I have written about crape myrtles several times before, but since the trees are used prominently in landscapes in this area, I think the information is worth repeating.
Driveways are lined with rows of crape myrtles; the trees are used as specimen plants in landscapes, or they are used in planting beds among other shrubs and trees. In our yard, we have a large selection of crape myrtles, some with red blossoms, some with white blossoms and a few with blossoms in multiple shades of pink.
Before planting, a gardener should know the growth habit of each specific plant. Dwarf crape myrtle trees reach about 3 feet in height and resemble shrubs. Medium crape myrtles reach 12 to 15 feet in height, and larger crape myrtles may reach 30 feet.
Medium- and large-sized crape myrtles need room to grow without intruding on utility lines, buildings, driveways or walkways. Dwarf crape myrtles work well in large containers, in foundation plantings and mixed with shrubs and perennials.
I prefer to plant shrubs and trees in late fall. Regardless of the size, all crepe myrtle trees love sun. Flower production depends on receiving a great deal of sun. A tree planted in shade will flower sparingly, if at all. Choose the correct site for an individual tree before planting.
Dig the planting hole to the depth of the root ball and at least twice the width. After placing the tree in the planting hole, return the excavated soil to the hole and tamp down to remove air pockets. Apply mulch, covering the entire canopy area under the tree. Water until the liquid overflows the planting hole. Continue applying water on a regular basis until the tree is well established.
In this area, the pruning of crape myrtle trees seems to be greatly misunderstood by homeowners. Because commercial landscapers plant crape myrtles in planting islands in parking lots and other area where the trees must remain small, these landscapers maintain the size of the trees by lopping off the tops of the trees each year. But for homeowners, when a crape myrtle has been planted in the proper site, there is no need for annual pruning. The trees are most beautiful when left to grow freely. The unpruned limbs of a flowering crape myrtle grow beautifully, flowing from the tree in a manner that resembles water spewing from a fountain.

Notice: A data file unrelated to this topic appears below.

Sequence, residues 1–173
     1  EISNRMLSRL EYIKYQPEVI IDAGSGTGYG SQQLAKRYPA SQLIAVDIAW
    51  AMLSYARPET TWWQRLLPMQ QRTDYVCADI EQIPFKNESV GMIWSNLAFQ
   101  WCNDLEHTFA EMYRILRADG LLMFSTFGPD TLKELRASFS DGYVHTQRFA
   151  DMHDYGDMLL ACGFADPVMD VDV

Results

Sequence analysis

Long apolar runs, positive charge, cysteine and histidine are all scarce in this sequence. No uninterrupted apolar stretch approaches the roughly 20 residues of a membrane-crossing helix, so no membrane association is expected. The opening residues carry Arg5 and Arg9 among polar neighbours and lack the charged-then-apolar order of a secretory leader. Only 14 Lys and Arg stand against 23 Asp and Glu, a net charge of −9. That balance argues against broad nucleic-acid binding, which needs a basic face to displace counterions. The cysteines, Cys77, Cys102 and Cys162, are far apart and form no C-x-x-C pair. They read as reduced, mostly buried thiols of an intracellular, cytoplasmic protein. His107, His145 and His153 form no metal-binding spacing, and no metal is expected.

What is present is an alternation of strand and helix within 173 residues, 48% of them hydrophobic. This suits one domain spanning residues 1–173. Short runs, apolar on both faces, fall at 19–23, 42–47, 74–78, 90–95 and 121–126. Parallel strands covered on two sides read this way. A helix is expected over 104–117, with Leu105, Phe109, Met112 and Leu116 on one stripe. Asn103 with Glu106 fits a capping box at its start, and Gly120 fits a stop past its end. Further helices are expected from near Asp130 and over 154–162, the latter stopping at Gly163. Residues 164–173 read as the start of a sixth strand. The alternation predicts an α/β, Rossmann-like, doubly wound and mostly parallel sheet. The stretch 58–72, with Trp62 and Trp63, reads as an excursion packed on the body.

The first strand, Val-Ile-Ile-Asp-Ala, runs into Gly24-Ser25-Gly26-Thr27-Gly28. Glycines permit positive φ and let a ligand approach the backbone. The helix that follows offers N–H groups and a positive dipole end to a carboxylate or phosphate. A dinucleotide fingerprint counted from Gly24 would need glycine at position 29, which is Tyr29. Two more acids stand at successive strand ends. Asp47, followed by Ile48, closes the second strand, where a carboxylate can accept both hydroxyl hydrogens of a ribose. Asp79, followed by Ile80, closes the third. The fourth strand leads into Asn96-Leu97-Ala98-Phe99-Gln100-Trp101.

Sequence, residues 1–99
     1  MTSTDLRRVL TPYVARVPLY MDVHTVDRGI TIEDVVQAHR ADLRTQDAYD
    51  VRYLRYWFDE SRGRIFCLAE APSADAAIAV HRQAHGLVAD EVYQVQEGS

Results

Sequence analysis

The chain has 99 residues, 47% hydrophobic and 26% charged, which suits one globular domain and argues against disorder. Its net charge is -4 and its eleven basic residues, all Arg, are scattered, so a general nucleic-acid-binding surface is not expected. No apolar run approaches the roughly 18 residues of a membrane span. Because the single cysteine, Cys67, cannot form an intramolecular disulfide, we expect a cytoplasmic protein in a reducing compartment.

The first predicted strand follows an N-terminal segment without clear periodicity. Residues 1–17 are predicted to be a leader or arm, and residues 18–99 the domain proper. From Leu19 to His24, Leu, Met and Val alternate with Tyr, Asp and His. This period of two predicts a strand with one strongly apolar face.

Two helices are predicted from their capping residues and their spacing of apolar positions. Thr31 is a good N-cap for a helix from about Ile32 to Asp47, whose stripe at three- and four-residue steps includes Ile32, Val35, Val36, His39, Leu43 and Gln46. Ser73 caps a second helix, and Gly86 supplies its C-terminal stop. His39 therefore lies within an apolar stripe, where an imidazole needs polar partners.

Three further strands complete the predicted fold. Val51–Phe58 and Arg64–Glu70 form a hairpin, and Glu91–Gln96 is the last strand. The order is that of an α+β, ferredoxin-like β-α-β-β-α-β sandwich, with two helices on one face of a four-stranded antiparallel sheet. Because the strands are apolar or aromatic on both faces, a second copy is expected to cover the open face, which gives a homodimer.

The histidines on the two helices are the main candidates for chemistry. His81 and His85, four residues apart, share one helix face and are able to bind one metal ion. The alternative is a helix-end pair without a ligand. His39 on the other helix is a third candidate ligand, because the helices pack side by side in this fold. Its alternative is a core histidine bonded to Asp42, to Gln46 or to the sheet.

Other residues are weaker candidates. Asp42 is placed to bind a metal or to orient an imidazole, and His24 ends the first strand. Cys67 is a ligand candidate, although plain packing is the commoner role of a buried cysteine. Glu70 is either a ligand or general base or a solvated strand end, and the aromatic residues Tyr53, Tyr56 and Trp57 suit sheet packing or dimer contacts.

When an immature crape myrtle is first planted, the tree must be shaped. Generally, a small crape myrtle has multiple small, spindly trunks. A gardener might decide to allow the tree to have one trunk only, or they may choose to allow the tree to have three, five or even seven trunks. (An uneven number of trunks creates the most attractive tree.)
Begin pruning by removing all the small trunks except those you desire to keep. Remove each trunk completely, making the cut at the base of each trunk. Next, in circumstances where two limbs cross or rub against each other, remove the less viable of the two limbs. That is all that needs to be done that first year.
For the next few years, you will need to remove any more trunks that sprout from the base, and again, you may need to remove one of the limbs where two limbs cross or rub together. Other than that, allow the tree to grow uninhibited.
Carol (Bonnie) Link is an Etowah County Master Gardener and an experienced garden writer. Her weekly column is designed to help and encourage others in their gardening endeavors. Send questions or comments to email@example.com.